Rural EMS bends under the strain
You know those problems about which people say, “It’ll take a disaster before anything gets done?”
And if North Dakota and Minnesota could avoid the disaster — which likely will involve sick or injured North Dakotans and Minnesotans dying because ambulances can’t get to them in time — by being proactive, that would be great.
“Emergency medical service in rural Minnesota is approaching a dangerous dearth of volunteers as baby boomers age out of the demanding work and into needing more care themselves,” a news story in the Star Tribune newspaper of Minneapolis concluded last month.
“Already the shortage of recruits has shuttered some small emergency squads, lengthening response times as ambulances race to help from farther away.”
The Strib is not alone in its finding. “There is a workforce shortage in many states,” and “this is most pronounced in rural areas,” the National EMS Assessment by the Federal Interagency Committee on Emergency Medical Services concluded in 2011.
The assessment by the North Dakota Rural EMS Improvement Project was both starker and more bleak: “Rural EMS in North Dakota faces a growing and potentially dangerous crisis,” the project concluded in 2011.
In fact, the effects of that crisis already are showing up, according to the North Dakota report. Rural ambulance services already “have trouble mustering crews at certain times of the day or week. Some services are experiencing delayed response, and some are even missing calls.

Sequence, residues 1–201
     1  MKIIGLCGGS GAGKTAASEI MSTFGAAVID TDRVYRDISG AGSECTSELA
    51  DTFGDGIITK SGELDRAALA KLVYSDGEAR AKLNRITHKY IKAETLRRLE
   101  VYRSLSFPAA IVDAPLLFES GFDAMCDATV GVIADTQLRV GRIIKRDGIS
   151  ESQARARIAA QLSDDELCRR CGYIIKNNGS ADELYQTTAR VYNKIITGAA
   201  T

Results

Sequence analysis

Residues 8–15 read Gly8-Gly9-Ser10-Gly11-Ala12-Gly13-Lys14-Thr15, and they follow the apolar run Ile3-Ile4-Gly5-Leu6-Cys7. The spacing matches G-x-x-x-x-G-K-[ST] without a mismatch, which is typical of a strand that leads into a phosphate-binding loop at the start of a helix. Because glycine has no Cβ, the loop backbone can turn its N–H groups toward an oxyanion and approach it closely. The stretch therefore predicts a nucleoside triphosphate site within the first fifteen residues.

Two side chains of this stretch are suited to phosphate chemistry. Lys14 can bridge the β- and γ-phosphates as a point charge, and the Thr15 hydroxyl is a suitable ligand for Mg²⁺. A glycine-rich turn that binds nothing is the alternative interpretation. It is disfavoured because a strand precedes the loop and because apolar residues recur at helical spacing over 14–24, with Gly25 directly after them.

“Such a situation is dangerous for patients, the public and overworked EMS workers.”
One issue that surfaces again and again in these reports is the fact that no single agency is responsible for emergency service. As the North Dakota report describes, “No mandate exists for the provision of EMS in North Dakota, and it is not clear who is ultimately responsible for the provision and funding of rural EMS.”
Lawmakers should change that status as a way to start solving the problem. For example, the North Dakota Century Code requires that all counties have an elected state’s attorney and an elected sheriff (among other officers), and charges the Department of Health to “establish standards, rules, and regulations which are found necessary for the maintenance of public health, including sanitation and disease control.”
Emergency medical care — no less than “sanitation and disease control” — deserves the same formal recognition and assignment of responsibility.
Like safe food, clean water and clean air, prompt ambulance service has evolved over the past 40 years into a fundamental expectation of modern life. It’s time for state law to start treating it that way.